Earlier this week, I posted on Amber LaBau's blog about some tips and tricks for printing photobooks. One of the things that I miss when I made the switch to digital scrapbooking in 2014 was the ability to have pages done "in real time"... or at least in chunks like I had been doing with my Project Life albums in 2012 and 2013.  My family loved to look at these books and flip through all the photos and relive the memories that they represented.  I was able to keep up pretty well during those 2 years and I loved it.  Part of the reasons I moved to digital was the ability to scrap traveling or commuting so that I could scrap current memories.  Plus with photos in digital format it was 1 less step to take to take in my process.  So let me talk about my evolution of getting my digital creations from my computer to a physical version that my family and friends can enjoy.

Here is my 2nd half of 2014 12x12 album (p.s. - this is a Becky Higgins Project Life album and is still available at Michael's  - make sure to use a coupon!) I was able to fit Jan-August in the first album and this album holds Sept- December including our 13 day trip to Spain...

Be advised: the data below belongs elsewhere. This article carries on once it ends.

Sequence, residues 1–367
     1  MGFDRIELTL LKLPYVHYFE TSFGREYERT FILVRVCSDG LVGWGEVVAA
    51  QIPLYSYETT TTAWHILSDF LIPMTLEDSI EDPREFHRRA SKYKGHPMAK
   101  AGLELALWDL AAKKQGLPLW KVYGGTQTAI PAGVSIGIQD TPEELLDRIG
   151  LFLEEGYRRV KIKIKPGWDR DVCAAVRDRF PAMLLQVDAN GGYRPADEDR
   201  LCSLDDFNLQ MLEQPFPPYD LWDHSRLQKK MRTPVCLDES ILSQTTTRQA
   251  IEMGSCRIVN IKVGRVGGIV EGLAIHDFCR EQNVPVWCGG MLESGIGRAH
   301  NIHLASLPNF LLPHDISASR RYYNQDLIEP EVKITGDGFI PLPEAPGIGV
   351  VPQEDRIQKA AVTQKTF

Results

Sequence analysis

Now I don't often have such a fabulous trip to add to my yearly album ( I wish... right??) but I couldn't jam the whole year into 1 album so this was my compromise.  I can still print these into a separate photo book later on if I want - but more on that later.

A 2 page spread from our trip to Spain using The Lilypad's Memory Pockets Monthly products
In 2015, I decided to move to printed 10 x 10 photobooks in lieu of printed 12x12 individual pages slipped into page protectors.  I saw how hard it was for my older relatives to look at those big and heavy books - plus I still had so many scrapbooks I wanted to complete (both older and future stories) that I could not imagine where I could store all those albums - you see I already have about 40 12x12 albums in IKEA Billy shelves (similar to the current Kallax - they don't make this size of the Billy anymore :-( ... and I easily have 20+ albums I wanted to create of older stories, heritage, vacations etc that I had rolling around in my head plus 2 albums per year for Project Life adds up quick!